The Impact of Social Media
With the advent of Facebook and other social media sites, spouses no longer need to hire private detectives to gather dirt on their partners—it’s often right there on their personal-device screens. Many people use social media outlets to document who they’re seeing romantically, where they’re living, and what they’re up to in general. And no matter how private your settings may be, if you’re posting on social media, your privacy is—at best—limited. If you post with indiscretion, those posts have the potential to negatively affect settlement issues, including:
- Child custody
- Child support
- Spousal support
- Property distribution
In other words, the wrong post can negatively affect your divorce settlement in critical ways.
Unpredictable Results from Social Media Posts
You may not think twice about a certain social media post until it causes unpredictable problems later. Furthermore, your photo entries can provide visual clues that you might not even be aware of. For example, photos of you on a luxury vacation or on a shopping spree can cast doubt on your need for spousal support if you’ve requested it.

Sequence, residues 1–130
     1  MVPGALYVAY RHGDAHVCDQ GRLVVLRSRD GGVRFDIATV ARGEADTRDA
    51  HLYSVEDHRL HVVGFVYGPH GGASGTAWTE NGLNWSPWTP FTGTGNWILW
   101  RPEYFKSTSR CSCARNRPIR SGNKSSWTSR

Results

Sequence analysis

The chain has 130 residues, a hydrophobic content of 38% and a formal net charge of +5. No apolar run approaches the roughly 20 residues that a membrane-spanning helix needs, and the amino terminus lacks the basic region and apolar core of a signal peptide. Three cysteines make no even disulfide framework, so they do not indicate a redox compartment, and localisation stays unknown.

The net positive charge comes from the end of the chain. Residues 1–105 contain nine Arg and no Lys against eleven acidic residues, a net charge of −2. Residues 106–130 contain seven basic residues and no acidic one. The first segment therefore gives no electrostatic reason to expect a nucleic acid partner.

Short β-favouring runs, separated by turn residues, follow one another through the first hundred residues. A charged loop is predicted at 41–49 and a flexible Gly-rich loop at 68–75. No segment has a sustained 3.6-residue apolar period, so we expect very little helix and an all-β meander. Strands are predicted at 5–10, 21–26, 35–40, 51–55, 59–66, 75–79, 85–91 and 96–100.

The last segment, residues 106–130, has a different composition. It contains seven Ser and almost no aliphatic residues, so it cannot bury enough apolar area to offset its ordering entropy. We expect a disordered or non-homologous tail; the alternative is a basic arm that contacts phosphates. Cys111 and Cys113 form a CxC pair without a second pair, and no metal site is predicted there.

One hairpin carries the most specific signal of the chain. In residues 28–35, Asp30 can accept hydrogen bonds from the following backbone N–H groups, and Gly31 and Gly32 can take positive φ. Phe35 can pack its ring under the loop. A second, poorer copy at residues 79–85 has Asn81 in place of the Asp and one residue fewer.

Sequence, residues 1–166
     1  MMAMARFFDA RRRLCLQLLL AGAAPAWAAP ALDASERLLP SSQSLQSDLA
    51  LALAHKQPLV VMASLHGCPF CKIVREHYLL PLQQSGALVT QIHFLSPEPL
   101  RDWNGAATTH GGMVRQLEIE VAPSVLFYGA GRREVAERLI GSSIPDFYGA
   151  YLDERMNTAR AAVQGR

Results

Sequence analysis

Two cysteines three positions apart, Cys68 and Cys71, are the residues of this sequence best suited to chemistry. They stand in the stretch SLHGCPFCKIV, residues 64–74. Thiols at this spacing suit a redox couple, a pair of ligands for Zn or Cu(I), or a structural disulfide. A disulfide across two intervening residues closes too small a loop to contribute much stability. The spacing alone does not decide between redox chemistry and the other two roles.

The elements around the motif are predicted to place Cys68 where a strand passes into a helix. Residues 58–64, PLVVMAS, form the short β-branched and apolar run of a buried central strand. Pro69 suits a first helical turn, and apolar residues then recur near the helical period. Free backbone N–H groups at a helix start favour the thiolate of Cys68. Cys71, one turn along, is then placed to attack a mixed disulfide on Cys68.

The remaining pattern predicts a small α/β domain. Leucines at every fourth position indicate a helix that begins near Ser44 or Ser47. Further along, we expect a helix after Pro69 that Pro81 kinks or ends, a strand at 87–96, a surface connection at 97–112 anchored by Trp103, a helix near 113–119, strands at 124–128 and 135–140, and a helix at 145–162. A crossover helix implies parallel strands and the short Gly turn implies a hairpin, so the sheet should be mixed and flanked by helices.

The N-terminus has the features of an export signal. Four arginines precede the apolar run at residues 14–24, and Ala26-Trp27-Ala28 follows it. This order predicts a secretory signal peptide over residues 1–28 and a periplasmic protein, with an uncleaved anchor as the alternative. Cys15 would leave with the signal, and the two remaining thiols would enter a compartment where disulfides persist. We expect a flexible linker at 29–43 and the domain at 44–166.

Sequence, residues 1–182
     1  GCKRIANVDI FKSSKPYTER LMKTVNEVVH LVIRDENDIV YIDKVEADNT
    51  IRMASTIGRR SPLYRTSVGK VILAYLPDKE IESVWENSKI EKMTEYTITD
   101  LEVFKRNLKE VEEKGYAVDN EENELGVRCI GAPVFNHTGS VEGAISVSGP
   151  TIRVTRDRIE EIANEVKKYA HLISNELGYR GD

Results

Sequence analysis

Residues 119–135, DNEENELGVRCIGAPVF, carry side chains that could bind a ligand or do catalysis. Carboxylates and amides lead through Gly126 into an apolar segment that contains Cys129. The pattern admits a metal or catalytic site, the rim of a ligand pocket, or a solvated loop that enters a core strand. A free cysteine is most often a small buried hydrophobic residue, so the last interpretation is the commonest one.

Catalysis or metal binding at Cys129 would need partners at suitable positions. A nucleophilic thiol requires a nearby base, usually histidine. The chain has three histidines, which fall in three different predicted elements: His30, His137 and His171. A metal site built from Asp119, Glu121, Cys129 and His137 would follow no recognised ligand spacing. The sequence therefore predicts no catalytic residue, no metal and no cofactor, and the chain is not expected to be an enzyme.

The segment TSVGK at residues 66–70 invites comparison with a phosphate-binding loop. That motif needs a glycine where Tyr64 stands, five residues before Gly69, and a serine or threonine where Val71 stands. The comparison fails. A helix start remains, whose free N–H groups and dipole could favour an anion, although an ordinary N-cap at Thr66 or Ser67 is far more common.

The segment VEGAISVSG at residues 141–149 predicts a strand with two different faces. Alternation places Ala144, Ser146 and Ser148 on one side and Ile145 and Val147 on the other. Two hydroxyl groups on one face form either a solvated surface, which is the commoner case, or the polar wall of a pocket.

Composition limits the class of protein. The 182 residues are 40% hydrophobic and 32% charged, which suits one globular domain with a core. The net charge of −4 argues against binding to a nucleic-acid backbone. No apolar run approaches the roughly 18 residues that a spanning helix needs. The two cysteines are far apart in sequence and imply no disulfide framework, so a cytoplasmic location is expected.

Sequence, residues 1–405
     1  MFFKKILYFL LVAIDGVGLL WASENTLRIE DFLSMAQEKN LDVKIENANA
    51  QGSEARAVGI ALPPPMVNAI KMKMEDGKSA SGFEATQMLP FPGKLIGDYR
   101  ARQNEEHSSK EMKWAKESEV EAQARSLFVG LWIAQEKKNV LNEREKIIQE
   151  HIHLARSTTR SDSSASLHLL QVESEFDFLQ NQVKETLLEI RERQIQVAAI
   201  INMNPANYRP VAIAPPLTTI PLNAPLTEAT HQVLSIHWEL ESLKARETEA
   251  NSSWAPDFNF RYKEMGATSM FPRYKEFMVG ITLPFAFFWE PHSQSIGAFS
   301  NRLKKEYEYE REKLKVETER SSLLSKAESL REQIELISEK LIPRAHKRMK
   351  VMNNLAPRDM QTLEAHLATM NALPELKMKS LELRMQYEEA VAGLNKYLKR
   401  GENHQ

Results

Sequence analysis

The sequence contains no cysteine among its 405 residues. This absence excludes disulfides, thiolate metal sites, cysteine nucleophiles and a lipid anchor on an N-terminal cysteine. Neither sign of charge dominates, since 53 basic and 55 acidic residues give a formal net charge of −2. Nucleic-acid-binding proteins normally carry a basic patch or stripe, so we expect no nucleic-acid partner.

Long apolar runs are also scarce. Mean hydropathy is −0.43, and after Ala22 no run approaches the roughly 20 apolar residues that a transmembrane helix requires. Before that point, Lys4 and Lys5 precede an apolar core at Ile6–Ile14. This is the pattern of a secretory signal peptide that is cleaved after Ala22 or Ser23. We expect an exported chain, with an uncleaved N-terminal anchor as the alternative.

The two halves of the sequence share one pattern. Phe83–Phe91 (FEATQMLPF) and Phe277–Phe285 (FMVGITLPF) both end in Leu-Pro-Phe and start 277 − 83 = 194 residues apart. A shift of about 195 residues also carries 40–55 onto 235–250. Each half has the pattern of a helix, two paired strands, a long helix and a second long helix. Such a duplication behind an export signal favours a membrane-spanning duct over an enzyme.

Your social media presence—in all its fits and starts—can provide the court with a virtual snapshot of who you are as a parent, a spouse, an employee, and as a person. You want this snapshot to be consistent with the hardworking and sensible person you hope to show the court. Even if you’ve deleted any potentially iffy posts, someone’s sure to have memorialized them—and they can materialize in your case. Make it your habit to post thoughtfully and not to post in the heat of the moment—divorce is full of such moments.
You don’t have to go dark on all your accounts, but if you’re going through a divorce, you should think carefully before you press Send. Courts are disinclined to believe that the persona you project so succinctly online is vastly different from the person who stands before them. If your spouse also has a presence on social media, carefully watch the action on those accounts, if possible, as it might prove useful in court.